With 49ers’ star tight end George Kittle set to return from IR this week, the question becomes what to do with the TE2 role.
While Bosa and Warner have played in every game so far in 2021, Kittle has missed the last three contests with a calf injury, leaving the tight end role to be covered by veteran Ross Dwelley and second-year man Charlie Woerner, both of whom have spent their entire careers with the Niners.
Dwelley put up solid numbers in relief of Kittle during the 2020 campaign, finishing the year with 19 receptions for 245 yards and one touchdown while playing in all 16 games, nine as the starter. Woerner got off to a slow start to his rookie season, managing just three catches for 36 yards in 14 games and struggling to excel in the area that most was expected of him: as a blocker.
Coming into this season, expectations were set for Dwelley to be a solid upside TE2 to work alongside Kittle. While he is not the athlete the 49ers’ No. 1 star is, Dwelley showed admirable enough work in his small sample size last season to allow Niners’ fans to look forward to a strong season.
Losing Kittle thrust Dwelley into the starting lineup and moved Woerner up the depth chart, and while neither has come anywhere close to replacing the output of someone like Kittle, one thing seems pretty clear: Once Kittle is back in San Francisco’s lineup, Woerner should be the second tight end instead of Dwelley.
49ers should promote Charlie Woerner over Ross Dwelley
To be fair, neither Dwelley nor Woerner has been lighting the world on fire in Kittle’s absence. Dwelley has just three catches on four targets for 30 yards since Week 5, while Woerner has hauled in four receptions on five targets for 40 yards in the same time span.
But the most interesting development has been the usage rate since Kittle was put on IR prior to the team’s trip to take on the then-unbeaten Arizona Cardinals. Dwelley played 91 percent of the offensive snaps in Arizona, followed by just 48 percent in the 49ers’ loss at home to the Indianapolis Colts, and down again to 27 percent against the Bears on Sunday in Week 8.
Woerner, on the other hand, has seen his snap counts rise. From 32 percent in Week 5 to 54 percent in Week 7, and all the way up to 80 percent in Week 8, the former sixth-round NFL Draft pick essentially became the starting tight end with Kittle out.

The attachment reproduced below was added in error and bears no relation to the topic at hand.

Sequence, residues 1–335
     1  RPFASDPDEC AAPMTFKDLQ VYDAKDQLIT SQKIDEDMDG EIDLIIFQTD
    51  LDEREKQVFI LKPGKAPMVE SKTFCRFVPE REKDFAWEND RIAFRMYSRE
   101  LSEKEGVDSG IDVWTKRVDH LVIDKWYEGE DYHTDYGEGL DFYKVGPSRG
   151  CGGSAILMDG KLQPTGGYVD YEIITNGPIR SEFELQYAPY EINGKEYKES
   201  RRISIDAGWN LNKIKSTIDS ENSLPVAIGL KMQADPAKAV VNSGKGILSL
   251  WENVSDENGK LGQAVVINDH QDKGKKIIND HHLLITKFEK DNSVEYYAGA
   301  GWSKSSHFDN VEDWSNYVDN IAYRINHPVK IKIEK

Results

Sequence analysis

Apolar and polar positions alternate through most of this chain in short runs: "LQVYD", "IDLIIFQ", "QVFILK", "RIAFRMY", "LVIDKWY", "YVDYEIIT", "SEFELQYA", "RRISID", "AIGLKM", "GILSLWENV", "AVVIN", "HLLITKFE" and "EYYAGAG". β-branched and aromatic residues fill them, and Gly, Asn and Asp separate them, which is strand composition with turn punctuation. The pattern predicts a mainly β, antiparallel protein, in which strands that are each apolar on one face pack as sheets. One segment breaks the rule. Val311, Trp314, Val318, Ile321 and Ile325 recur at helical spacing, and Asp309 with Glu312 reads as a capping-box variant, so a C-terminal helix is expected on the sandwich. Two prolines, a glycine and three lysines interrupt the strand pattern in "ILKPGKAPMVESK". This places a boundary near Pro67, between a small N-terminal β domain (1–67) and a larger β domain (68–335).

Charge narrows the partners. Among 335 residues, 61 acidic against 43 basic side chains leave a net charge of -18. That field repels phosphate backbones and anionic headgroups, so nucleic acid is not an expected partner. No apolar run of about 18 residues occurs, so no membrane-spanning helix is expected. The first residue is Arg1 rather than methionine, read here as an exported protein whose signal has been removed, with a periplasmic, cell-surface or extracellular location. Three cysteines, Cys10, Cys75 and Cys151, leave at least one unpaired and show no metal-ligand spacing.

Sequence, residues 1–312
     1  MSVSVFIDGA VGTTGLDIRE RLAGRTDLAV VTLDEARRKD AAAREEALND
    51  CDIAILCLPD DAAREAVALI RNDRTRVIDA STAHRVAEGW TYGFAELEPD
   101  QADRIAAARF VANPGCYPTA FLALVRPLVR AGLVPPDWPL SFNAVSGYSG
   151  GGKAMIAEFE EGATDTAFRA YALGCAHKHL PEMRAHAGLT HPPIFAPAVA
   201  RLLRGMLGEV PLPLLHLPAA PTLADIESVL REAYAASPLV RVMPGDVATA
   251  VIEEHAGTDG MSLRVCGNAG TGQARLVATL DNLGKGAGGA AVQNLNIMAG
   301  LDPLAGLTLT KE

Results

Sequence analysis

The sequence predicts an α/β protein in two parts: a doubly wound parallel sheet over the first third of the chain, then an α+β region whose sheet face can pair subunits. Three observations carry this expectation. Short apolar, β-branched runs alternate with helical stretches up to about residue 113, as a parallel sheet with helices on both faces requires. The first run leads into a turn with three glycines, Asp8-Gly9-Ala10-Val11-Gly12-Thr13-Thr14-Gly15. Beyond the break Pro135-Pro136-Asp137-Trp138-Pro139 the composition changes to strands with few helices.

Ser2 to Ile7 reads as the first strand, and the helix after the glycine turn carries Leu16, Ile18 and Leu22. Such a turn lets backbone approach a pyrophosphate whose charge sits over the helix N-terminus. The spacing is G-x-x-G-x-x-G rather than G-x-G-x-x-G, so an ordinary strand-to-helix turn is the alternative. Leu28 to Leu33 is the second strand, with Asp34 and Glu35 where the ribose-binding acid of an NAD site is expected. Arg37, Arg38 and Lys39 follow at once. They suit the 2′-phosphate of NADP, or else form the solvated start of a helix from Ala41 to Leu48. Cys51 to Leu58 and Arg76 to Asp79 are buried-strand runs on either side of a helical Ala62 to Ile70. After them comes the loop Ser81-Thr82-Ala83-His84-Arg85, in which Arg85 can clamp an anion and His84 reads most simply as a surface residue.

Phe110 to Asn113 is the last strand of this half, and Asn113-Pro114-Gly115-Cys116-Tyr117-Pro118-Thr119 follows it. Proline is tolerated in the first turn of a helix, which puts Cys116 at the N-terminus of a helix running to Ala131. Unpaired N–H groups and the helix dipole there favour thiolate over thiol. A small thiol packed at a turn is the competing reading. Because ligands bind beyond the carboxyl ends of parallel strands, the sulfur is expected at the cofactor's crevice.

And while neither men saw a drastic change in their targets (they both were thrown to twice against the Colts, while Dwelley saw zero targets to Woerner’s two in Week 8), there seems to be one key differentiator that has shown itself over the last few weeks.
Dwelley is a liability as a blocker, while Charlie Woerner is becoming the player the 49ers thought they were getting coming out of Georgia and possibly more.
It’s no real secret Dwelley has always been more of a “move” tight end who, at times, has been asked to block in key scenarios. And to be fair, as moments like last season against Los Angeles Rams star defensive end Aaron Donald show, he isn’t always useless. But this year, he hasn’t shown himself to be good enough in the run game and has committed a few key penalties in pass blocking as well.
Woerner, on the other hand, has stepped up as a blocker while also proving not to be a massive letdown in the passing game, something that wasn’t a clear part of his game coming out of college.
Against the Bears was possibly his best game as a pro, featuring a massive block to set up a long run by rookie running back Elijah Mitchell, one that Kittle himself highlighted on his Instagram story this week.
At this point, there doesn’t seem to be much downside to elevating Woerner over Dwelley, especially once Kittle is back and ready to take over as the starting tight end.
Woerner is a massive upgrade over Dwelley as a blocker, something head coach Kyle Shanahan and his staff already appear to be aware of, while showing steady improvement as a pass-catcher, the major knock on him coming into the league.
If he continues on his upward trajectory, Woerner could allow the 49ers to have two tight ends who are both excellent blockers and threats through the air, even if the defense will still have to pay more attention to Kittle than Woerner.
The writing does seem to be on the wall, though. Woerner should be the second option behind Kittle as the season continues.